Steele Children's Research Center Discovers that Decreased NPC1 Gene Function Has a Role in Early-Onset Weight Gain

Researchers at the University of Arizona College of Medicine Steele Children’s Research Center have found that decreased amounts of a particular gene leads to weight gain.
Researchers at the University of Arizona College of Medicine Steele Children’s Research Center have found that decreased amounts of a particular gene leads to weight gain. Their study, “Decreased NPC1 Gene Dosage in Mice is Associated with Weight Gain,” was recently published by the Nature Publishing Group journal, Obesity.
 
A previous study indicated that the Niemann-Pick C1 (NPC1) gene in humans was associated with early-onset morbid obesity, but it was unknown whether weight gain was a result of increased or decreased NPC1 gene function.
 
Led by William S. Garver, PhD (previously with the Steele Center, and now with the University of New Mexico Health Sciences Center), the research team fed a high-fat diet to mice with less-than-normal amounts of the NPC1 gene, in addition to mice with normal amounts of the NPC1 gene. The mice with decreased amounts of the NPC1 gene showed significant weight gain, while the control mice did not. “Our study demonstrated that a decreased amount of the NPC1 gene was associated with weight gain,” says Dr. Garver.
 
Since the mice with decreased amounts of the NPC1 gene fed a low-fat diet did not gain weight, the results suggested that the NPC1 gene interacted with a high-fat diet to promote weight gain.
 
"A number of large population-based studies have identified genes believed to be associated with obesity. However, our controlled study using mice with altered gene function confirmed and extended these results by determining that it was decreased amounts and function of the NPC1 gene that contributed to weight gain,” says Dr. Garver. “These results are significant because now the NPC1 gene may serve as a therapeutic target in the prevention or treatment of early-onset obesity."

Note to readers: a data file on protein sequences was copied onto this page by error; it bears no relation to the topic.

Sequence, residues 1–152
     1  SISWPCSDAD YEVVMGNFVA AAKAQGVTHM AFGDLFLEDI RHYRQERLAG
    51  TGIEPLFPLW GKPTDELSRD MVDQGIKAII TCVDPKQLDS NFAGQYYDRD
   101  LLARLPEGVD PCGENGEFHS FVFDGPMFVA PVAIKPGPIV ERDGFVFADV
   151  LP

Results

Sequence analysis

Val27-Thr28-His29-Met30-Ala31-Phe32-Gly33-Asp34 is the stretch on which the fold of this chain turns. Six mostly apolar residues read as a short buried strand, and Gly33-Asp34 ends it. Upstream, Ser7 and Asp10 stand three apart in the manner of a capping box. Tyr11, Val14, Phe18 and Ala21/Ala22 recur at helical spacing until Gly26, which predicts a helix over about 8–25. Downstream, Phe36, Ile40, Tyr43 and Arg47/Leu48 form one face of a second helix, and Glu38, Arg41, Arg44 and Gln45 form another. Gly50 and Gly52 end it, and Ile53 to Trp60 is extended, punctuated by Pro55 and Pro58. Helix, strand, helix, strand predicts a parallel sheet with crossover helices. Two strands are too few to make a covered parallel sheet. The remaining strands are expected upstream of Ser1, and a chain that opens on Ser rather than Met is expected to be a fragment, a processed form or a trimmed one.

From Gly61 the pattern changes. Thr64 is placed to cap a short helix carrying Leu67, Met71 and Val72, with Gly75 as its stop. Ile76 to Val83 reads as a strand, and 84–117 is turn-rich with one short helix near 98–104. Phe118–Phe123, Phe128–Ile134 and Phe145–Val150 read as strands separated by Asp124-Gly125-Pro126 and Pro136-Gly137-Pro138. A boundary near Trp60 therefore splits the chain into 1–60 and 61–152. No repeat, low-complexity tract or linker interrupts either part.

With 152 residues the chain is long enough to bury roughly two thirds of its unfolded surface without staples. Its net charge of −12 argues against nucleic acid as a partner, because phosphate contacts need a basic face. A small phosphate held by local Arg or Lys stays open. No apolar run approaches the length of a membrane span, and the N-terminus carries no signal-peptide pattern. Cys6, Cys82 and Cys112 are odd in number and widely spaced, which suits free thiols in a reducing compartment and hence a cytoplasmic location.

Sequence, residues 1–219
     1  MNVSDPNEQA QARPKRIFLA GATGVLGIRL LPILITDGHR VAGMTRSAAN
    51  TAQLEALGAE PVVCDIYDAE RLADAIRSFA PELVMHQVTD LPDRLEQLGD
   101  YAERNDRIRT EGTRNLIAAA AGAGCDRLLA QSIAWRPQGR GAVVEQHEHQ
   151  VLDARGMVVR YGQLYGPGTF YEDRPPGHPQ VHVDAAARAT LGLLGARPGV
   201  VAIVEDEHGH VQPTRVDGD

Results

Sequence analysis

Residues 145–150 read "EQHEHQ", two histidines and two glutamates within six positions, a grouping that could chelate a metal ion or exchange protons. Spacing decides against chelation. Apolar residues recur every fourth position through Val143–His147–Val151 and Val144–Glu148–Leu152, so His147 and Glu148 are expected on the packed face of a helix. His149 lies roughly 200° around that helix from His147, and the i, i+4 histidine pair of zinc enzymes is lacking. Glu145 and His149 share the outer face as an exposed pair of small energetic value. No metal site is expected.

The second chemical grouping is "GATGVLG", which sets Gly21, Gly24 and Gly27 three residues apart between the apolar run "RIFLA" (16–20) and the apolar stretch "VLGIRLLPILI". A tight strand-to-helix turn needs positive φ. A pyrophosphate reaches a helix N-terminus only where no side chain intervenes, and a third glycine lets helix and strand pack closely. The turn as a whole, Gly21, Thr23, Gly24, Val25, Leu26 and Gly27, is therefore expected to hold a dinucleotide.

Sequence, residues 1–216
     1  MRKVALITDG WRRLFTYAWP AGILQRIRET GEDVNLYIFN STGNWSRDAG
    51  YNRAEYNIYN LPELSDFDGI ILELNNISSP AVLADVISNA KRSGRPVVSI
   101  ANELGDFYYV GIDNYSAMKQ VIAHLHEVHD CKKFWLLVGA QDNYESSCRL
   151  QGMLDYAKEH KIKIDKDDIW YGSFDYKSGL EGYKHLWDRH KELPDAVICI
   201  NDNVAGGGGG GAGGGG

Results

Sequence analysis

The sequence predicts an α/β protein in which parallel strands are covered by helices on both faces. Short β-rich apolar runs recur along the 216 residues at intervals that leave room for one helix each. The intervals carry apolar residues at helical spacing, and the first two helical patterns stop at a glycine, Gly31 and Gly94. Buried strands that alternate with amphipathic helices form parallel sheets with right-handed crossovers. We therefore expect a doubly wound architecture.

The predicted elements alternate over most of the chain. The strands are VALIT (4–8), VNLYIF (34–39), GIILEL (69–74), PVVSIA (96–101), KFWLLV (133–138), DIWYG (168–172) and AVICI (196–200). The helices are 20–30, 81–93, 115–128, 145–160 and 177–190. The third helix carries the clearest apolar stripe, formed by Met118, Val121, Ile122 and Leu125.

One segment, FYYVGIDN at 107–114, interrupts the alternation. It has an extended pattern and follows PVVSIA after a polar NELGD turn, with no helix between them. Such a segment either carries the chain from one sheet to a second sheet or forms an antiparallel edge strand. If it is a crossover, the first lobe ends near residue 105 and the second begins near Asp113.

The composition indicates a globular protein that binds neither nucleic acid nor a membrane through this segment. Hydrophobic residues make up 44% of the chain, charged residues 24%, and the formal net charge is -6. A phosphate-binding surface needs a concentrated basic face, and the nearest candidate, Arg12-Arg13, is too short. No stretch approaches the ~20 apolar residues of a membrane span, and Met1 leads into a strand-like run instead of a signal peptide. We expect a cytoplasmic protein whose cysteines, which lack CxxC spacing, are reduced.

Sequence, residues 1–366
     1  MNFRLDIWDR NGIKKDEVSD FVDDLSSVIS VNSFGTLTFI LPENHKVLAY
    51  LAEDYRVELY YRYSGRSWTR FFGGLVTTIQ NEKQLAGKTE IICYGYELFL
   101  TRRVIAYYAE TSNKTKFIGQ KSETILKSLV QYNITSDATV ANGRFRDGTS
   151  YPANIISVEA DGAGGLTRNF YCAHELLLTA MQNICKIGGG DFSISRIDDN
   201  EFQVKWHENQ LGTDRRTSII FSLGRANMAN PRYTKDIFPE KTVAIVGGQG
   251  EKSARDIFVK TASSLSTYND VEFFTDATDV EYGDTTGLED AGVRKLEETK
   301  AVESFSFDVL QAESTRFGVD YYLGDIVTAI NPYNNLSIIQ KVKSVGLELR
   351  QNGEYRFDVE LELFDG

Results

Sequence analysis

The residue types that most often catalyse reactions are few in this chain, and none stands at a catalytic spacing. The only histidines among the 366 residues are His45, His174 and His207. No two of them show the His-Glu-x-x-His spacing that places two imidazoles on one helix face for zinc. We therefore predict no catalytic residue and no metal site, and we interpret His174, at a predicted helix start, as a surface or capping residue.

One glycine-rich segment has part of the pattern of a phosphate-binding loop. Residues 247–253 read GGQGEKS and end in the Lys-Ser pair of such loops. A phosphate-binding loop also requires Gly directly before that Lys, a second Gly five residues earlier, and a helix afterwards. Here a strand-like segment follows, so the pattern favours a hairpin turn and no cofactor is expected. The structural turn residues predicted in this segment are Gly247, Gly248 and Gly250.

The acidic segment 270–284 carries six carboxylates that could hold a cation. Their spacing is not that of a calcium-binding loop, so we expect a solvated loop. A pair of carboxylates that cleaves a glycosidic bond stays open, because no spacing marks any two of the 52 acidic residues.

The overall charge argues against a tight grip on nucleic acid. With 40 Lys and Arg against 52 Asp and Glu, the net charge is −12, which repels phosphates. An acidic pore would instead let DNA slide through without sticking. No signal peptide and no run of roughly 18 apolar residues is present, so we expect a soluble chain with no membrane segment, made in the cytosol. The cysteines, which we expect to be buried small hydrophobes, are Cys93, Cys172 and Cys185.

This research was funded by grants received from the National Institutes of Health, the Tohono O’odham Nation, and other private donations. Other contributors to this study included David Jelinek, MS and Robert P. Erickson, MD, with the Steele Center, and Randall A. Heidenreich, MD, also from the University of New Mexico Health Sciences Center.
 
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The University of Arizona College of Medicine, University Physicians Healthcare and University Medical Center work together to care for patients, educate medical students, train resident-physicians and conduct clinical and basic research. The UA Steele Children’s Research Center and UMC are working together to build Diamond Children’s Medical Center (www.diamondchildrens.org), now under construction and scheduled to open in 2010. Diamond Children's will be Arizona’s only pediatric inpatient medical center connected to an academic research facility – the Steele Center (www.steelecenter.arizona.edu).